Friday, January 13, 2012

Deep thoughts about Jack, and people with disabilities

I've been thinking a lot about Jack Jablonski this week.  He's the high school hockey player here in Minnesota who was injured during a game, and will live the rest of his life as a paraplegic.  His story is just so tragic.

I think it's his parents, though, who I am most sad for.  It's his parents I can relate to.  I relate to the grief over losing the child you thought you were raising, and coping with the prospect of raising a child you never imagined you'd have, and doing it all instantly because there isn't time to go to bed and cry when you are a parent.

I am thinking that Jack is going to be a great example of something, though.  He doesn't know it yet and neither do his parents.  But it's so easy to look at a child with a disability he or she was born with, and only see the disability.  If all you've ever known is the child with autism, or the child with Down Syndrome, or the child with cerebral palsy who is in a wheelchair, right from the get-go you make assumptions about what that child is going to be able to accomplish in life.  Or not accomplish.  Before you have a chance to get to know that child, you already know he or she is saddled with a diagnosis, a label, that will change how everyone perceives him or her.  How that child perceives him or herself.

When you hear that a friend's child was diagnosed with autism, immediately you have ideas in your head of what that child is like.  Right?  I know I do.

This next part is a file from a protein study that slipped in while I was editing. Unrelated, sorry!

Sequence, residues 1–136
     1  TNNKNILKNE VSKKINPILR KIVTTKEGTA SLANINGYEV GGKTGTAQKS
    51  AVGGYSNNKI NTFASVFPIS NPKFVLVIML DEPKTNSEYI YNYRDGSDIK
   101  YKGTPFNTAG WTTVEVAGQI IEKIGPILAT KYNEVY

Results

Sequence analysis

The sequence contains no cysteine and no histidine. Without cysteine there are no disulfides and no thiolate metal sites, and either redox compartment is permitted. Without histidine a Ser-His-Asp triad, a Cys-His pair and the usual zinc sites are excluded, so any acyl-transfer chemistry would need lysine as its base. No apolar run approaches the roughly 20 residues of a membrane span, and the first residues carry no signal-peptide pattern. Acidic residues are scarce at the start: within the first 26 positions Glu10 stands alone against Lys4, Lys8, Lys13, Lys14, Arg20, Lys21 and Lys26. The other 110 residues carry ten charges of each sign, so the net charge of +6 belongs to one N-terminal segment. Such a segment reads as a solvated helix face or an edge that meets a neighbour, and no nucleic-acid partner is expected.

I think, though, people are a lot less likely to make those assumptions when someone's disability occurs mid-life, to someone who was born entirely typical, able-bodied and able-minded.

Is Jack any less valuable a person, now that he won't have the use of his legs?  Of course not.

Is he less smart?  Is he less important?  Is he less HUMAN?

Of course not.

Shouldn't it be that way, for every person with a disability?

No matter how they came about it?

Let's all think on that for awhile.

 I read once that with innovations in protective head and body gear, in the last few years soldiers being injured in Iraq and/or Afghanistan or elsewhere are much more likely to survive their injuries, and come back home with a disability. This means we have more disabled vets than ever before.

It would stand to reason that this would hold true with people injured in other ways, as well.  Medical advancements are saving lives every day, but not necessarily returning them to "normal." Which means there must be more people in general living with disabilities today than there have ever been.

This is good news - saving lives is good news!

Now we need to stop allowing people who have a disability to be discriminated against.

We need to stop assuming we know what a person has to offer, based on a word, a phrase, a medical term, or our first overall impression.

“I know of nobody who is purely autistic, or purely neurotypical. Even God has some autistic moments, which is why the planets spin.”
— Jerry Newport (Your Life is Not a Label: A Guide to Living Fully with Autism and Asperger’s Syndrome)


“In an ideal world the scientist should find a method to prevent the most severe forms of autism but allow the milder forms to survive. After all, the really social people did not invent the first stone spear. It was probably invented by an Aspie who chipped away at rocks while the other people socialized around the campfire. Without autism traits we might still be living in caves.”
— Temple Grandin (Thinking in Pictures, Expanded Edition: My Life with Autism)

We need to stop seeing people with disablities, and start seeing people with abilities that might not be so obvious.

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